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Welcome to the Silicon Valley Linux Users Group

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SVLUG Live Meeting Video on the MBONE

The SVLUG MBONE video multicasts are temporarily suspended, due to difficulty getting old unmaintained MBONE applications to work with the new video4Linux drivers, and lack of volunteer time to experiment with the right configuration.

Table of Contents

Can You Receive the MBONE?
MBONE Client Software
Sample MBONE Client Screenshots
SVLUG MBONE Transmission Equipment
SVLUG's Future MBONE Plans

The MBONE, or Internet Multicast Backbone, is a multimedia distribution system for the Internet that has been operating since 1992. Though there are many technical explanations for how multicasting works, the general description is that it allows an audio, video, or data stream to be efficiently delivered over the network just to the sites that sign up for that stream. Multicasting avoids the waste of broadcasting or duplication of point-to-point (unicast) data streams.

SVLUG has used the MBONE to distribute live video and audio of its meetings since March 1998, when Linus Torvalds spoke at SVLUG's 10th Anniversary meeting.

SVLUG's MBONE multicasts are made possible by volunteer assistance and lent or volunteer-owned equipment.

Can You Receive the MBONE?

We transmit compressed video at 128Kbps, and audio at 56Kbps. These are separate streams, so you can select audio only. If you do not have enough bandwidth on your Internet link, you cannot watch the SVLUG multicasts online.

Call your network administrators or network provider to inquire whether they can provide a "multicast feed" or "MBONE tunneling". Not all sites are set up for this, so, if you have to convince your network administrators to connect to the MBONE, you may also have to wait while they decide the best method to do so.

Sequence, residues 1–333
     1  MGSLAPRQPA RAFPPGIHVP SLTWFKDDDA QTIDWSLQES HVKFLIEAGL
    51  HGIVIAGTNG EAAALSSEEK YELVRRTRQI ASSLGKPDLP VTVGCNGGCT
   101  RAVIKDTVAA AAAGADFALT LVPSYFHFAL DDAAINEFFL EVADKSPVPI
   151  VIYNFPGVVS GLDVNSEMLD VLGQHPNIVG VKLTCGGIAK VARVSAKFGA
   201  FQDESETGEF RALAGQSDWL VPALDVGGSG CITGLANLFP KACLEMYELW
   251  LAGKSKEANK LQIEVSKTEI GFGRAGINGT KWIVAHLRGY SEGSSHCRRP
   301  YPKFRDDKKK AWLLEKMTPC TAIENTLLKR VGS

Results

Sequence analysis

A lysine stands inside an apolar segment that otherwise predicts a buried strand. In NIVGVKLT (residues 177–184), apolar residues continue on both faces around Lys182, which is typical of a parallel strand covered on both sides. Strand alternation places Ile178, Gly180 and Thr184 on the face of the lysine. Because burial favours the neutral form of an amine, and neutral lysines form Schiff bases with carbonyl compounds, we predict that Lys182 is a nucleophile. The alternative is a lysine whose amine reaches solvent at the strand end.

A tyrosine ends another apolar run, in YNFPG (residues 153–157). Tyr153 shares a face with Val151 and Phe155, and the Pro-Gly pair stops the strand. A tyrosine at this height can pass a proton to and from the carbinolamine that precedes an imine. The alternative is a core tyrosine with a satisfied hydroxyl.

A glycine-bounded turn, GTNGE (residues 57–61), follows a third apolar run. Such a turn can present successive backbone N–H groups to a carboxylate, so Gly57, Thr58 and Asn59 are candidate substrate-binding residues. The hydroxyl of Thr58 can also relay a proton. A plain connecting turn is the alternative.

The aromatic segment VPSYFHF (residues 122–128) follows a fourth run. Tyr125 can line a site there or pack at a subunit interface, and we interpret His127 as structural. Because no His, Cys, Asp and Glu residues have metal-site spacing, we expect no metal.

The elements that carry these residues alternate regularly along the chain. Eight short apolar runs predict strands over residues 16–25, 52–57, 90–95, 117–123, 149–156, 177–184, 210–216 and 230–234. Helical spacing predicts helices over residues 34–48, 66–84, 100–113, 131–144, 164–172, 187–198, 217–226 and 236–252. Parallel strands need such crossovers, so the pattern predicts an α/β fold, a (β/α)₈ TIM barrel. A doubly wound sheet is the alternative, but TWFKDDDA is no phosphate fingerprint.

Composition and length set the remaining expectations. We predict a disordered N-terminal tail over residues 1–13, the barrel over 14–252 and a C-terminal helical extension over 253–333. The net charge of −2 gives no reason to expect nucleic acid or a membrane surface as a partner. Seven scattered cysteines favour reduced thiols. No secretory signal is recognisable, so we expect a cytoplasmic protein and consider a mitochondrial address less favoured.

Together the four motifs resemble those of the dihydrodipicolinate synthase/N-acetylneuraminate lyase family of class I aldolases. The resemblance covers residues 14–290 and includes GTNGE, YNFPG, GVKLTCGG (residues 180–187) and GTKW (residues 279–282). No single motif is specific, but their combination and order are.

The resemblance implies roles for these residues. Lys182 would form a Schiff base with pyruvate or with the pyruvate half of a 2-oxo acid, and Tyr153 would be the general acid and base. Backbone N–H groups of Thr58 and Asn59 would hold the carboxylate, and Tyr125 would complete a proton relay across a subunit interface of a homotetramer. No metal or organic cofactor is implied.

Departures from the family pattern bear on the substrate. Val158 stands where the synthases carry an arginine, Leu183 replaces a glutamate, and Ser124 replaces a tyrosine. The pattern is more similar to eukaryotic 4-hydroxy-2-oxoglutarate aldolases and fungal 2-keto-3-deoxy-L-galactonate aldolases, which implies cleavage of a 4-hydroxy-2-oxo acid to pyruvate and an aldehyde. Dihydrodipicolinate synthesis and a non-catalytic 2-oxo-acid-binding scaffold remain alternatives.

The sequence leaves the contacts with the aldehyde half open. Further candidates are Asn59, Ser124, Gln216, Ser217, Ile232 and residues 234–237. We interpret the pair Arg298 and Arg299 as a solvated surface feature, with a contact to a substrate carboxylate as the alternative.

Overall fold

If your receiving system is a Linux machine, make sure your kernel has IP multicast enabled. (You can compile a new kernel with that configuration, if you're missing it.) For other systems, follow your vendor's instructions to configure IP multicast in your TCP/IP stack, if it isn't already present.

General and technical information about the MBONE can be found at:

MBONE Client Software

Unix Desktop Software
Tool Name Links
Channel Selector Session Directory (sdr) N/A download
Video LBNL Video Conferencing Tool (vic) Home Page download
(pick one)
Robust Audio Tool (rat) Home Page download
LBNL Audio Conferencing Tool (vat) Home Page download
Integrated Tool Rendez-Vous Home Page N/A

Linux-specific MBONE information or binaries can also be found at:

These tools can also be used to transmit on the MBONE. SVLUG's transmissions are done with sdr, vic, and rat.

Windows Desktop Software
Vendor Product
Cisco Systems IP/TV
ICAST Viewer & Guide

Sample MBONE Client Screenshots

[sdr tuner screenshot]

On Unix systems, the "sdr" session directory application is used like a channel selector. Click on the session you wish to receive from.
(image is actual size)

On Windows clients, a similar display accesses the same channels.
[sdr session info screenshot] After selecting a session, "sdr" will present information about it. Click "Join" to start all the media in use for this session. (On SVLUG multicasts, it's just audio and video. Other channels may have interactive whiteboards or other applications, as well.)
(image is 3/4 size)

SVLUG MBONE Transmission Equipment

At the March 1998 meeting, the MBONE multicast transmission was handled by the MBONE coordinator of the Bay Area Large Installation System Administration (BayLISA) group. The system was a Sun SparcStation running Solaris.

At the April, May, and June 1998 meetings, an on-site MBONE transmission system at Cisco Systems was used to televise the SVLUG meeting. The system was also a Sun SparcStation running Solaris.

SVLUG is constructing a Linux-based video capture system, which will be used at a future meeting.

SVLUG's Future MBONE Plans

We hope that, soon, SVLUG will implement a system where video output from our MBONE system can be put up on the video projectors and audio output to the public address system in the conference center. Then, it would be possible for SVLUG to field questions live from the Internet, from MBONE viewers with their own video capture and transmit capability. (Yes, that means we can see you, if you send video!)

If you're putting together an MBONE viewing system, keep working on it to add video and audio capture capability. It could be used to be seen and heard at upcoming SVLUG meetings!


Before we give you the address, please do not ask us whether you can receive MBONE at your site. We have no way to know your site. For that question, you need to contact your own site's network administrators and install your own copy of the software (if it hasn't already been installed at your site).

For appropriate administrivia, SVLUG's MBONE contact is mbone@svlug.org.

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